Do the virtual particles in quantum mechanics really exist? —J. Fleming, Madison, Wis.

Gordon Kane, director of the Michigan Center for Theoretical Physics at the University of Michigan at Ann Arbor, answers:

Virtual particles are indeed real—they have observable effects that physicists have devised ways of measuring. Quantum theory predicts that every particle spends some time as a combination of other particles in all possible ways. Quantum mechanics allows, and indeed requires, temporary violations of conservation of energy. So one particle can become a pair of heavier “virtual” particles, which quickly rejoin into the original particle, almost as if they had never existed.

While the virtual particles are briefly part of our world, they can interact with other, less exotic particles, and researchers can study these interactions to test predictions about virtual particles. In a hydrogen atom, photons (elementary particles of electromagnetic radiation) bind together a negatively charged electron and a positively charged proton. Every photon will spend some time as a virtual electron plus its antiparticle, the virtual positron, as described above. The hydrogen atom can be in more than one state; in one of those states, the atom interacts a little differently with the virtual electron and positron than when it is in another, so quantum theory predicts the two states' properties (which would otherwise be identical) to diverge slightly as a result of those interactions. That divergence was measured in 1947 by Willis Lamb, who later received a Nobel Prize in Physics for this work.

Another phenomenon involves elementary particles known as quarks—specifically the “top” quark, the heaviest of the six varieties. In the early 1990s the European laboratory CERN produced millions of particles called Z bosons and measured their mass very accurately. The measured value deviated a little from the mass apparently predicted by the Standard Model of particle physics, but the difference could be explained by the time the Z spent as a virtual top quark if such a quark had a certain mass. The mass of the top quark, directly measured a few years later at Fermi National Accelerator Laboratory in Batavia, Ill., agreed with that obtained from the CERN analysis, providing another dramatic confirmation of our understanding of virtual particles.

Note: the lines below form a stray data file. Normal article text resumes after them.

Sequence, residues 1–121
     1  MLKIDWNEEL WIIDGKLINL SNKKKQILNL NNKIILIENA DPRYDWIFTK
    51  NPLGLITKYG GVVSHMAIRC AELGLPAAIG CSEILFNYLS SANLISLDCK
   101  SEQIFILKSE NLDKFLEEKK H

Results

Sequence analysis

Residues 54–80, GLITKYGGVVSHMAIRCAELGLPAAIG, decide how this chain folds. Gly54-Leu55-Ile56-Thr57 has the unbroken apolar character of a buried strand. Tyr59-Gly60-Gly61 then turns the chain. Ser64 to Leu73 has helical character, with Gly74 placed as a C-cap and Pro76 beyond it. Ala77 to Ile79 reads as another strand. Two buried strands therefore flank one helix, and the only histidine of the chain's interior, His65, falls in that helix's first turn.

When you lose weight, where does it go?

Lora A. Sporny, adjunct associate professor of nutrition education at Columbia University, explains:

When you lose weight, the fat that disappears has been broken down into usable fuel for bodily activities.

Fats exist in chemical form as triglycerides—roughly E-shaped macromolecules with a glycerol molecule linked to three fatty acid chains. When trimming calories or increasing exercise, hormone-sensitive lipase, an enzyme within fat cells, responds to hormonal messages and disassembles triglycerides into their component parts, which then slip into the bloodstream. The liver preferentially absorbs the glycerol and some of the fatty acids; muscle takes in the remainder.

Inside the muscle and liver cells, the triglyceride pieces are further taken apart, eventually yielding large quantities of a compound called acetyl-CoA. Within mitochondria—the powerhouses of the cells—the acetyl-CoA combines with the compound oxaloacetate to form citric acid. This synthesis kicks off the citric acid cycle, or Krebs cycle, a set of chemical reactions that creates usable energy from fat, protein and carbohydrates.

These mitochondrial activities produce numerous products and by-products: carbon dioxide, which the lungs discharge during exhalation; water, which is expelled in urine or perspiration; heat, which helps to maintain a comfortable body temperature; and the energy-carrying molecule adenosine triphosphate (ATP). The ATP powers cellular activities—moving muscles, maintaining the heart's 100,000-plus daily beats, digesting food and processing nutrients into bodily tissues.

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